“Game of Thrones” ended Sunday night after eight seasons. It was broadcast in 207 countries and territories and was one of the most popular series on television.
Two months of testing for a wig
“Game of Thrones” filmed in ten countries. The series used 12,986 extras and two thousand crew members in Northern Ireland alone. It included three thousand pyrotechnic effects, fifty miles of fabric for costumes, and more than twenty-four thousand pounds of silicone for prosthetics. Wigs for one of the lead characters required two months of testing and seven prototypes.
Over its first seven seasons, the series received 174 award nominations and won sixty-three times.
The series is just one example of the fact that our culture’s moral compass is broken. A generation ago, a movie as violent and pornographic as “Game of Thrones” would have been X-rated.
But while Christians should reject the show’s immoral worldview, we should ask ourselves: If such a television series can be produced with professional excellence, how much more does our Father deserve excellence from us?
The other side of the equation
Yesterday, we focused on the urgency of reliance on God. Jesus taught us that if we would be truly blessed and used by our Lord, we must be “poor in spirit,” utterly dependent on our Father (Matthew 5:3). The Lord of the universe can do so much more with us than we can do for him.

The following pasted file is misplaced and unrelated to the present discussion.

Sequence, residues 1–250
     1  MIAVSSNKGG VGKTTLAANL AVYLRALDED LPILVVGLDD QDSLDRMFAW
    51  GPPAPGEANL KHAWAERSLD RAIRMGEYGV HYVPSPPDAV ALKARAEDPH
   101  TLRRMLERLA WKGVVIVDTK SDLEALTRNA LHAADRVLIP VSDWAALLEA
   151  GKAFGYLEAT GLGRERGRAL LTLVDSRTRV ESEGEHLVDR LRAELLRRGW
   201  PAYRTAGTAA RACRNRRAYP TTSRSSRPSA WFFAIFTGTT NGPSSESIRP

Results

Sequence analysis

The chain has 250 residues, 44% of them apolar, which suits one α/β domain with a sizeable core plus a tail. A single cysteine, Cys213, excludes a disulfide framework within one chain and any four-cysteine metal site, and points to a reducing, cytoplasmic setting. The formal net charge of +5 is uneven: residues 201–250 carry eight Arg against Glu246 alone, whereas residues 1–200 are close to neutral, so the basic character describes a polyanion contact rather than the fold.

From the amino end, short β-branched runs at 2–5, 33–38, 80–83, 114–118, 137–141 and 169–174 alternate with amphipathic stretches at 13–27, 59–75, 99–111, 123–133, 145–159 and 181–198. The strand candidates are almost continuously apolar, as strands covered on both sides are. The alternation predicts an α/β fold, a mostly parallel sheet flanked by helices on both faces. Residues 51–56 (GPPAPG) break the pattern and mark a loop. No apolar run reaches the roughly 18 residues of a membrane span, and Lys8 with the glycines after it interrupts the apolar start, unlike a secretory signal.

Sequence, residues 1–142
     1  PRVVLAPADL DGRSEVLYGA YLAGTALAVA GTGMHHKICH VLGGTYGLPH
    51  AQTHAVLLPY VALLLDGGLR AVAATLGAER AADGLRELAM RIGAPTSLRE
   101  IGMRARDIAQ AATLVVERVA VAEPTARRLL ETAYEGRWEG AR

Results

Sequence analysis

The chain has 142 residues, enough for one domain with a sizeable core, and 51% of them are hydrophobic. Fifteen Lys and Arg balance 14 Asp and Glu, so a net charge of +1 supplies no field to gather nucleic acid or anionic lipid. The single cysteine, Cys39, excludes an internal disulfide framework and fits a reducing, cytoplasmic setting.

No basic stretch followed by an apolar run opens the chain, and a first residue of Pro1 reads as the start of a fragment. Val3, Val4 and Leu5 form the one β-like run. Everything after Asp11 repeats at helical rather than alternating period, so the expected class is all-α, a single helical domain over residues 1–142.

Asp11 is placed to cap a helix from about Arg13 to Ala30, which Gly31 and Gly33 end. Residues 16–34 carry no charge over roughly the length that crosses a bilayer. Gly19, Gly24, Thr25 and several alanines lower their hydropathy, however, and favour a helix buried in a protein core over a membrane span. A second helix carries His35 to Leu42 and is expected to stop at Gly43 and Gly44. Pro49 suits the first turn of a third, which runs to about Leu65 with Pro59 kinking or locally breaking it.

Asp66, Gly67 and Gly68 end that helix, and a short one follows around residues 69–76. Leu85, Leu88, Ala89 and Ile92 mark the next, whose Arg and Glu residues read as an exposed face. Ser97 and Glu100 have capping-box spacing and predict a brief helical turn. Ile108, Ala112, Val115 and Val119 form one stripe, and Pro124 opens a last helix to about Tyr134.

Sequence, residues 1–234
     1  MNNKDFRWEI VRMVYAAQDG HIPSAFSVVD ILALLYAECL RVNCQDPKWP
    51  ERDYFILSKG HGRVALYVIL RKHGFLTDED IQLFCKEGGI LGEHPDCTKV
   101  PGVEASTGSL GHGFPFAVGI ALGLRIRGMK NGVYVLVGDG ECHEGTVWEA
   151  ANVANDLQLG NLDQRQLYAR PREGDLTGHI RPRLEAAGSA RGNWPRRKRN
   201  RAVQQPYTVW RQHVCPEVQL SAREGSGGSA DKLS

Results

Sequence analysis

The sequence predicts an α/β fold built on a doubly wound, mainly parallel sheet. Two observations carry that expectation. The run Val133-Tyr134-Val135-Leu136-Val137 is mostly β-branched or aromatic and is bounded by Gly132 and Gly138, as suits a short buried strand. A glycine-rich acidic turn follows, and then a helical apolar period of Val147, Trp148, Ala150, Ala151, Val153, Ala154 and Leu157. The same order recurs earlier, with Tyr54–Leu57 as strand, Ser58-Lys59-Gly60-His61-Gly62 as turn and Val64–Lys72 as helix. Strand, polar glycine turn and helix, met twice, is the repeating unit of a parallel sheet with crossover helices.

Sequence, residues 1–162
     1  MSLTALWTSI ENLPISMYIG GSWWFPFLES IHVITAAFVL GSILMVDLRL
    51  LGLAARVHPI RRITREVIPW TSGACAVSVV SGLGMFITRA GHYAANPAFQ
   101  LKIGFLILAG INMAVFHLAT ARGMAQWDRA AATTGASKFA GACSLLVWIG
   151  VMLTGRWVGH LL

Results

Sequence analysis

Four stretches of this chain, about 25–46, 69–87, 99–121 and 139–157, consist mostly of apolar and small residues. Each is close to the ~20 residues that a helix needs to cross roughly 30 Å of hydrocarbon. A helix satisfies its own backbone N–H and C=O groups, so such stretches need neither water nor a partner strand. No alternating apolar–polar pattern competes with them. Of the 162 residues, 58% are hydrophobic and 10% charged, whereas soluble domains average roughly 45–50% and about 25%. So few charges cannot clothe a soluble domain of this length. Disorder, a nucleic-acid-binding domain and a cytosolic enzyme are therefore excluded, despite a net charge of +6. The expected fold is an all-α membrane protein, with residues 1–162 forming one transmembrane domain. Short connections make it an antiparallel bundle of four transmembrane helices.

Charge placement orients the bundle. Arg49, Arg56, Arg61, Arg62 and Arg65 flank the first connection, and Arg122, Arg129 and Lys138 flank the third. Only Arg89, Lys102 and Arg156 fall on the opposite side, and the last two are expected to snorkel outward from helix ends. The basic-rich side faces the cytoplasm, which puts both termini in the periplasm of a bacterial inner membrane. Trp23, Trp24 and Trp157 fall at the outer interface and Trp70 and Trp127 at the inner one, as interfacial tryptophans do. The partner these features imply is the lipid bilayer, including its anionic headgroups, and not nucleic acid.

Today, let’s consider the other side of the equation.
No one in Christian history was more Spirit-led and Spirit-dependent than the Apostle Paul. He said of himself, “I have been crucified with Christ. It is no longer I who live, but Christ who lives in me” (Galatians 2:20). He followed God’s leading into regions he did not intend to visit (cf. Acts 16:6–10). He testified, “I have suffered the loss of all things and count them as rubbish, in order that I may gain Christ” (Philippians 3:8).
At the same time, no one in Christian history was more passionately committed to personal excellence than the Apostle Paul.
A passion for personal excellence
He encouraged excellence in our thoughts: “Whatever is true, whatever is honorable, whatever is just, whatever is pure, whatever is lovely, whatever is commendable, if there is any excellence, if there is anything worthy of praise, think about these things” (Philippians 4:8).
He encouraged excellence in our words: “Let no corrupting talk come out of your mouths, but only such as is good for building up, as fits the occasion, that it may give grace to those who hear” (Ephesians 4:29).
He encouraged excellence in our actions: “Show yourself in all respects to be a model of good works” (Titus 2:7); “Pursue righteousness, godliness, faith, love, steadfastness, gentleness” (1 Timothy 6:11).
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SOURCE: Christian Post, Jim Denison